There won’t be much that is normal when the college football season is eventually played during the coronavirus pandemic.
Getting students, coaches and staff members back on campus is one thing. But the next question most have is whether or not fans will be allowed in the stands. The massive crowds are part of what makes college football special, especially at places like Michigan.
The Big House in Ann Arbor is one of several college football stadiums that holds more than 100,000 fans, but holding games without fans in the stands could be part of a path toward football returning. Jim Harbaugh, entering his sixth season as UM’s head coach, would be OK with no fans in the stands if it came down to that.
Professional sports leagues like the NBA and Major League Baseball are mulling playing games without fans in the stands and Harbaugh said without the ability to test on a large scale, it would be hard to fill up the stadiums.
“You could test both teams. You could test the officials. Can you test 100,000 fans coming into a stadium? Probably not,” Harbaugh said on ESPN’s Get Up. “Without a vaccine, you probably couldn’t do that. So to answer your question, heck yeah I’d be comfortable coaching a game without any fans.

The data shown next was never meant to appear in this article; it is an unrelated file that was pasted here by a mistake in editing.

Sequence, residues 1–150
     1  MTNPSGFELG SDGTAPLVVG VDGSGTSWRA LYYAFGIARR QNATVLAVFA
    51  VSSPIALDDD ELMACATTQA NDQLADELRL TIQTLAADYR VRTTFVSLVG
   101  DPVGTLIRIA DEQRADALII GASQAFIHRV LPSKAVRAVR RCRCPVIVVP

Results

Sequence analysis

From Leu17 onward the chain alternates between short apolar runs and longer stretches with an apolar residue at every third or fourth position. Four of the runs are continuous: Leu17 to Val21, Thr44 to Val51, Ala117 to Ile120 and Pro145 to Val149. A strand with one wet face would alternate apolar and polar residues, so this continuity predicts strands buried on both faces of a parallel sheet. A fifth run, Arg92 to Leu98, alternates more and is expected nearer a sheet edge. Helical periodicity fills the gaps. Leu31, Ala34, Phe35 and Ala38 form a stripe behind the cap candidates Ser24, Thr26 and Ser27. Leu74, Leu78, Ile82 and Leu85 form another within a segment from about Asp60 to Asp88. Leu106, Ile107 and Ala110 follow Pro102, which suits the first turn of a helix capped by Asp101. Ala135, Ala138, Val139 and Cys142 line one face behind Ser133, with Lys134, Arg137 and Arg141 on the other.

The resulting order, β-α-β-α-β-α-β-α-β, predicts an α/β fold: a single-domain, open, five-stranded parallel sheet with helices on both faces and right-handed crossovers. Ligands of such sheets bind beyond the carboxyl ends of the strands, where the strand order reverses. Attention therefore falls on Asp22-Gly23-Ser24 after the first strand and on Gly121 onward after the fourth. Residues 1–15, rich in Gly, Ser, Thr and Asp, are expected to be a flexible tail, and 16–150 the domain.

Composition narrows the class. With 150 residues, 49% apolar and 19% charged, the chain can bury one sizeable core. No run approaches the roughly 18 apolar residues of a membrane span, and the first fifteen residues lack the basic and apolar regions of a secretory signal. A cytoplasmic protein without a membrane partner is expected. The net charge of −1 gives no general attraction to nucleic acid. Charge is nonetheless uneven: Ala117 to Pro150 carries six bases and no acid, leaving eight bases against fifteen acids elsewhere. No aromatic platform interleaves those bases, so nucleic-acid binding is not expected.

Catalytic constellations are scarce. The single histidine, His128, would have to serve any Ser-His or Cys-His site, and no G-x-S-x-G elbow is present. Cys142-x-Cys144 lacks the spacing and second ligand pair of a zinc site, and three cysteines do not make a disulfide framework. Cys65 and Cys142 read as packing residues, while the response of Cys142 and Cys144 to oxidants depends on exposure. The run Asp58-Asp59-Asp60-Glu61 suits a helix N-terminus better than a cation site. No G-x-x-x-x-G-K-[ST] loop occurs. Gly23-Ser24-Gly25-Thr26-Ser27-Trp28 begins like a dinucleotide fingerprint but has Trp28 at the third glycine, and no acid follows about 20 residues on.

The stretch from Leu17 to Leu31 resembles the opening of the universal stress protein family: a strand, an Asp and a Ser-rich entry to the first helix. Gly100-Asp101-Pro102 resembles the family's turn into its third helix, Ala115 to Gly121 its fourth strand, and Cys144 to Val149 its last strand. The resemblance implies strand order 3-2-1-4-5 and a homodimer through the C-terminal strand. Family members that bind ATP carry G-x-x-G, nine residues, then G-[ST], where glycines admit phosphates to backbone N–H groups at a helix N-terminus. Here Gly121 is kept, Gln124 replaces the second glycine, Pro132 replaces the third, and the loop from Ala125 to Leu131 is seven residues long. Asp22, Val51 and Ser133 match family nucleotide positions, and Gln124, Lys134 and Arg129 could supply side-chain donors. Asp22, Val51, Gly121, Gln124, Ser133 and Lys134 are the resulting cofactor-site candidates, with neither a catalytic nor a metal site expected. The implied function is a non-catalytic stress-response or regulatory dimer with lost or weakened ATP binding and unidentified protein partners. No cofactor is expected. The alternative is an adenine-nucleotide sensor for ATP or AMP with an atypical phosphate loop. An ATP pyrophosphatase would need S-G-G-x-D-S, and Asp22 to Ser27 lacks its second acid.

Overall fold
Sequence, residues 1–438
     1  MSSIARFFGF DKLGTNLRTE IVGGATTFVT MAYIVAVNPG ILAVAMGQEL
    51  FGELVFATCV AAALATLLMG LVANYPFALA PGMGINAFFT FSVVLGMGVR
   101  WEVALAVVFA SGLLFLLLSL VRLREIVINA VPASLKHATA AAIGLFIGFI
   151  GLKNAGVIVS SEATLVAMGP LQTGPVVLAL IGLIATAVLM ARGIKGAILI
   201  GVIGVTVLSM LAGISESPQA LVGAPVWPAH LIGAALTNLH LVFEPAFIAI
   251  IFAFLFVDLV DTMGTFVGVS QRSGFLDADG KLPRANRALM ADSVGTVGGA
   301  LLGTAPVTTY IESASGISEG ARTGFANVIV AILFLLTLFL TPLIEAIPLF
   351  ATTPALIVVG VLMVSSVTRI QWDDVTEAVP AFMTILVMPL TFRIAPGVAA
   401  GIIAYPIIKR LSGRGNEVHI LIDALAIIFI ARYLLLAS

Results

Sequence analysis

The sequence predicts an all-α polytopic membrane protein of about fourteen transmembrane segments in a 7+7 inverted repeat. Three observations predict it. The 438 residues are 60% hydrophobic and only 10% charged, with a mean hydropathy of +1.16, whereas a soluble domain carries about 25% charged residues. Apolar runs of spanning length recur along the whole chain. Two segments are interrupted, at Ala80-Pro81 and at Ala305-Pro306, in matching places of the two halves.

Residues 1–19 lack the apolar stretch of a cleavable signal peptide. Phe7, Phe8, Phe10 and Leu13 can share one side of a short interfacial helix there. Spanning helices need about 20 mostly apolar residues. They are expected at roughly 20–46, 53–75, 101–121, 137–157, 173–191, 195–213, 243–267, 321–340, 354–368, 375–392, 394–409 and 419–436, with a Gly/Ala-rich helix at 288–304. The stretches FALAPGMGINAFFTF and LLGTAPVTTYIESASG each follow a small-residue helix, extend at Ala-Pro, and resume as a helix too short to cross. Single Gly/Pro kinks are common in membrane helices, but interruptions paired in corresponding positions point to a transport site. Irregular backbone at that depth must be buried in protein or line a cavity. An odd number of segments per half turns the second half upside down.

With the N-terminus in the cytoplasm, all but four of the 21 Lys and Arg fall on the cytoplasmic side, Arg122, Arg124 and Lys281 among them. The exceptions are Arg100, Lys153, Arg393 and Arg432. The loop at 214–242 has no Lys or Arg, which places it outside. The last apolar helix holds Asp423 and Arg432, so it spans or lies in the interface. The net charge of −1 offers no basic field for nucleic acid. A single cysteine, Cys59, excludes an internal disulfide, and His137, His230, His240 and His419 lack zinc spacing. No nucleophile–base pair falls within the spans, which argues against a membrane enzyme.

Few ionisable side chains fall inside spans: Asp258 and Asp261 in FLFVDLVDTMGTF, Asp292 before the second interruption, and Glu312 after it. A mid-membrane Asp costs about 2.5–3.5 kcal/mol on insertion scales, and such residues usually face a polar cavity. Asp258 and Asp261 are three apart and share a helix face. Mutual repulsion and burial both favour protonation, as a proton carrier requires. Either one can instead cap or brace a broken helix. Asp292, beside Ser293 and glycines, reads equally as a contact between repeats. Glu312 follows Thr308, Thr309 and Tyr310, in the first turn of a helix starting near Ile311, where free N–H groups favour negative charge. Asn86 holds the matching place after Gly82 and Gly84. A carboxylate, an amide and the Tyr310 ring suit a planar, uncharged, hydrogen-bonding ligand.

“If the choice were to play in front of no fans or not play, then I would choose to play in front of no fans. And I think darn near every guy I’ve talked to on our team, that’s the way they feel about it.”
NCAA to vote on allowing players on campus soon
The Big Ten suspended all organized team activities back in March, a ruling that canceled Michigan’s spring football practice and was recently extended through June 1. On a national scale, the NCAA Division I Council’s moratorium on on-campus summer activities goes through May 31 and a vote is expected Wednesday on whether or not to extend it.
Harbaugh said he and his coaching staff stay in constant contact with the Michigan players and he hopes they can get them back on campus for workouts soon.
“Hopefully we can get the guys back together and get them working out as soon as the gyms open up, you feel like you can get them back into the facility at least on a voluntary basis,” Harbaugh said. “I sure do miss them, I can tell you that.”
Harbaugh stressed the importance of testing in order to get football players back on campus and operating safely.
"You’re going through a lot of different scenarios, and learning more all the time, too,” Harbaugh said. “People with the practices of staying safe and can you get an entire team together — coaches, players, trainers, strength staff, etc. — that can not have symptoms and not test positive and then play football?
“Can you have a game where both sides, both teams are tested, coaches, officials, trainers, everybody involved, and if you don’t test positive and you don’t have it, can you still play the game? I think that’s the question that’s on everybody’s mind.”
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